MLB fans filled the building and the once-sea of red and white thinned out into a blob of colors. Fans from all different teams came out for the weekend’s festivities.

This left me curious: Could I find a jersey for every MLB team?

It was easy to find the big name teams. Going down the escalator, I was hit with a couple Jacob deGrom jerseys and a Carlos Correa one, as well. 

Mets, check. Astros, check.

A right turn and there was an Aaron Nola jersey, the All-Star phenom who surprised this year for the first-place Phillies. Check.

The Yankees and Red Sox weren’t far behind. 

As the day went on, my notepad of teams kept getting crossed off. The National League Central was the first division to go, and the American League Central followed suit. Surprisngly, it took me a couple hours — of course, I wasn't searching the whole time — to find the Marlins. Every other NL East team was easy.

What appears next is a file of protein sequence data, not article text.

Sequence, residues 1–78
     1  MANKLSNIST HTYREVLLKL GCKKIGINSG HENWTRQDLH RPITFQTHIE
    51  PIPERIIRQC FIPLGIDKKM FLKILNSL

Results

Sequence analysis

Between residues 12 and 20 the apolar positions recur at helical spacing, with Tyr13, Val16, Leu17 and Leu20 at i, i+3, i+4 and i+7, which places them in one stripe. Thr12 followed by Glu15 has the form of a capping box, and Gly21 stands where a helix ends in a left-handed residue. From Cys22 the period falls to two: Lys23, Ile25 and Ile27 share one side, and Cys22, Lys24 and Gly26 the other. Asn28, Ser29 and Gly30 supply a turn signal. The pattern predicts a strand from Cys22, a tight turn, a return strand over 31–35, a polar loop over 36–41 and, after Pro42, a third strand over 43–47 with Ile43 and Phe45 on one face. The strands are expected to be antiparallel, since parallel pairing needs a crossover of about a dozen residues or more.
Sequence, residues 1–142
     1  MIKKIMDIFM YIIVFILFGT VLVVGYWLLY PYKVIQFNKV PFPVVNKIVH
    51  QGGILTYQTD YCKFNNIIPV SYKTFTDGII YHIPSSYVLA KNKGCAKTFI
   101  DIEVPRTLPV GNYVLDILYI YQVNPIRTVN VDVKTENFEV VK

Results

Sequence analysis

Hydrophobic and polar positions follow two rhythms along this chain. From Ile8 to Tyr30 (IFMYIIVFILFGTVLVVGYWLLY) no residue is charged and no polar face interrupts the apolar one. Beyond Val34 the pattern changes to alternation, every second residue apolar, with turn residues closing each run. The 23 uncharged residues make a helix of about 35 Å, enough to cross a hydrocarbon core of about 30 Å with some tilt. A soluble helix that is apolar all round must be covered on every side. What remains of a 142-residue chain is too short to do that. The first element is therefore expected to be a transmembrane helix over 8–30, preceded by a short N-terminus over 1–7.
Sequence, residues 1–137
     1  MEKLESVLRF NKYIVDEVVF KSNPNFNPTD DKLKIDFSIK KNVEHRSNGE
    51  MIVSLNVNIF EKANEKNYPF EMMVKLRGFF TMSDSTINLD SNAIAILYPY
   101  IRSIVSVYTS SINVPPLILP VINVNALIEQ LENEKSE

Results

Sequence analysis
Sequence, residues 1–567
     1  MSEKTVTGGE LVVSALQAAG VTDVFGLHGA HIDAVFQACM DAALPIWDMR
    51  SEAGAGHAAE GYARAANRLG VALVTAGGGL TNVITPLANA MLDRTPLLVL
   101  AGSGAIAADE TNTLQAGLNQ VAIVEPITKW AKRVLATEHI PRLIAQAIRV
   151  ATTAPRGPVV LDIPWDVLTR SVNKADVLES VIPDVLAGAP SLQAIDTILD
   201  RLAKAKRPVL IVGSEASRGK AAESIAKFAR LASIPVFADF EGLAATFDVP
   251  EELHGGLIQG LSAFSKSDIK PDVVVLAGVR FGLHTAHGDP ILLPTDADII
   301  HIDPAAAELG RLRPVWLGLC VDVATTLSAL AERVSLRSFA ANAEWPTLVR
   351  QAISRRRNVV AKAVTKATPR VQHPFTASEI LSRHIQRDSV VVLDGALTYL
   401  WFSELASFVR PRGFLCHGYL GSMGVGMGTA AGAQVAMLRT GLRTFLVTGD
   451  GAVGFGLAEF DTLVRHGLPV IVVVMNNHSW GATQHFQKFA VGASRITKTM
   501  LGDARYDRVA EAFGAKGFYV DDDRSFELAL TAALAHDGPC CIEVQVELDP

Three hours later, I had found all but five teams: Colorado Rockies, Arizona Diamondbacks, Oakland Athletics, Tampa Bay Rays and Los Angeles Angels. 

I decided to take another lap before I left. And standing, right by the stolen base activity, stood a man in a Randy Johnson throwback Diamondbacks jersey. 

We both look at the kids running down the line toward the base before a purple jersey caught my eye. It was another kid, waiting in line, wearing a Nolan Arenado jersey.

That left me with just three more teams. As I headed toward the exit, I was shocked I had not seen a Mike Trout jersey. One of the greatest players in modern baseball and not one Angels fan.

Then a co-worker pointed toward the MLB shop area. Finally, a Trout jersey. And then I turned around to grab my backpack and notebook. Another Trout jersey. Weird. I crossed off the name and looked up. Another Angels jersey. OK, enough.